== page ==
Flag waving sentiments were found within a backdrop of pole art when a cloth flag was affixed to a utility pole in North Portland. This banner may not yet wave like the song says but it does make for a grungy addition of American spirit to an old pole.


I like inflatable decorations of any kind, type or holiday so this Uncle Sam bear cub was destined to catch my eye and camera lens. The bear looks great in patriotic plastic. Here’s hoping he can dodge drifting fireworks sparks.


Faded glory for sure but this one harkens back to the days when we were all proud to be an America back when Lee Greenwood was haunting many a concert stage. While the stripes have long since faded on the flag, the bumper sticker offers up a historical record of there being yet another barber shop in Kenton.


Having made it to the Vernonia Friendship Jamboree on a bike camping trip last summer, I saw this banner decoration attached to a sale sign. Stars and stripes are never a bad way to increase traffic to whatever kind of sale you wish to advertise.

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Portland Has a Flag?

On a recent couple of Max train trips I noticed a flag. It had stripes of blue and yellow outlined with white on a green background. I saw it flying over PGE Park. I know, I know it as PGE but it may or may not still be Jeld Wen Field. I had a conversation with someone who said it was now called Providence Park. This could be figured out with a quick search on the web but, anyway, the flag was flying where the Timbers play. I also saw it at a couple of fire stations. I was clued in by a sticker on a car. It was the image of the mystery flag with Portland printed underneath. Some quick internet research confirmed what I did not know after living in Portland for seven years. Portland has a flag. I had been mystified. This flag was all over and looking nordic to me, like a Finnish flag with different colors. A poster I saw while substitute teaching at an elementary school made me realize the colors and design reminded me more of the Tanzania flag.

Firestation Flag

This flag had my imagination wandering. I couldn’t put it together until I saw the decal. To give a true feel for the flag I could have borrowed an image from the internet and used it in this post but I was stuck on that particular decal image. I have no idea why I didn’t take a picture of it when I first saw it. I started obsessing over that decal. I kept going back on dog walks to where I thought I saw the car with the flag decal and I could never find it. It’s not as popular as the decal of the outline of the state of Oregon with the green heart in it. After a few bike commuter rides to a sub job and observing multiple car decals, I ran into the image on Tillamook Ave and snapped a photo.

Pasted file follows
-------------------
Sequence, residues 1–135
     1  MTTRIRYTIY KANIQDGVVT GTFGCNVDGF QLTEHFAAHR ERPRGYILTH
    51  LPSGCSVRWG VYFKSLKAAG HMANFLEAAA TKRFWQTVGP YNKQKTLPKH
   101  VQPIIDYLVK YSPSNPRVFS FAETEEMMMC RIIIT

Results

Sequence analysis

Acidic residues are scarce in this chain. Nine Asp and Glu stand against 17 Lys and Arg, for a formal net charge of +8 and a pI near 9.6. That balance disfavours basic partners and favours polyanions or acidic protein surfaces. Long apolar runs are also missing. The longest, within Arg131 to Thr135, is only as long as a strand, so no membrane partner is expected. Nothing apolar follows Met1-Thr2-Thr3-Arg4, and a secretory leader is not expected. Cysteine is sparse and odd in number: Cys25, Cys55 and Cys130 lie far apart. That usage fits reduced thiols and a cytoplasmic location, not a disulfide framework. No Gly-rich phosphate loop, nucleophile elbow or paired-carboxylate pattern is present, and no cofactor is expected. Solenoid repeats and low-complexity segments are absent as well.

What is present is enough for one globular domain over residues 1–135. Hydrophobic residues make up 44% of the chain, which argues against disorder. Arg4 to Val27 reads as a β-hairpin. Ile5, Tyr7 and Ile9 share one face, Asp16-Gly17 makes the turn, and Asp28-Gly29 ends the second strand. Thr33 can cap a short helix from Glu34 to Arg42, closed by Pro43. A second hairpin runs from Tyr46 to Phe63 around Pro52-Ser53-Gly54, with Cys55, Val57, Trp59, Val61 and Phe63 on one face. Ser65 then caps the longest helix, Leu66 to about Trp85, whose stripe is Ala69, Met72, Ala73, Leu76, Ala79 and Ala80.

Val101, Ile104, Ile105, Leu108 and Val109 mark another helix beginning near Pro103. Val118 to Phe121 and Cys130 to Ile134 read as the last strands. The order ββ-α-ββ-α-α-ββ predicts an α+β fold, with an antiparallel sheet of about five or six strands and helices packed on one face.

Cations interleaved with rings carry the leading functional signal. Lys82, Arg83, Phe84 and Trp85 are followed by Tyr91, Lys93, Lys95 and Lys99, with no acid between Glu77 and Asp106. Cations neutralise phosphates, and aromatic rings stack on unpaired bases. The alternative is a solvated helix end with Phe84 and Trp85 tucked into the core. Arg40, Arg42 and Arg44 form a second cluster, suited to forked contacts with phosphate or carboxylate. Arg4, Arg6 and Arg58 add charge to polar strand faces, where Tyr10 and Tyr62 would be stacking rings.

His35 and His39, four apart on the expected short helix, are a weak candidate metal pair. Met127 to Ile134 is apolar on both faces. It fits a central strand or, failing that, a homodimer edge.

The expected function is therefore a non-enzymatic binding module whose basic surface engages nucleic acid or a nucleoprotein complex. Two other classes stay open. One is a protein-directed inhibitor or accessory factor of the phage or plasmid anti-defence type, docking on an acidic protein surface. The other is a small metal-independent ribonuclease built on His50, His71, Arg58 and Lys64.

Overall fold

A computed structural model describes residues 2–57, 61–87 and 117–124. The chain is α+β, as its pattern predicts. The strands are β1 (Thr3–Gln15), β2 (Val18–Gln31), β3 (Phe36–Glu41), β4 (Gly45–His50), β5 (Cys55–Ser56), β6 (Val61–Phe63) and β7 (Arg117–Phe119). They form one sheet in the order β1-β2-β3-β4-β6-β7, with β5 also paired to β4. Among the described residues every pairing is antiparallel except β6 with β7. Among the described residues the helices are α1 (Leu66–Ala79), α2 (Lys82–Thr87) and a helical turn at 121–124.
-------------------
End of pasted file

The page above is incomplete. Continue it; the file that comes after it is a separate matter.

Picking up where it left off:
PFlag decal

Portland Flag MV

Portland has a flag.

We saw the Portland flag flying outside a restaurant in Multnomah Village and my wife, Ronna, started speculating about what the colors represented, like green being about the ecology and blue symbolizing our rivers. It’s true, the colors and design are all significant. So in order to not get bogged down in those details, allow me to introduce a secondary source. I would have considered good colors for a Portland to be black, red and silver. The same colors as the Trail Blazers or representative of darkness, blood and silver.

The more amazing thing about my Portland flag discovery was learning about vexillology. I knew nothing about it. I can’t even pronounce it but it makes sense that there would be people interested in flags enough that there would be a science behind it. I could tell you more but you will soon be looking at a blog—what?!? Star Wars flag posts—and possibly be attending a meeting. You’ll become more obsessed with flags and flag decals and their design and symbolism than me.

Check out the Portland Flag Association website. The blog might make you think about flags in ways you never have and you can go to a meeting: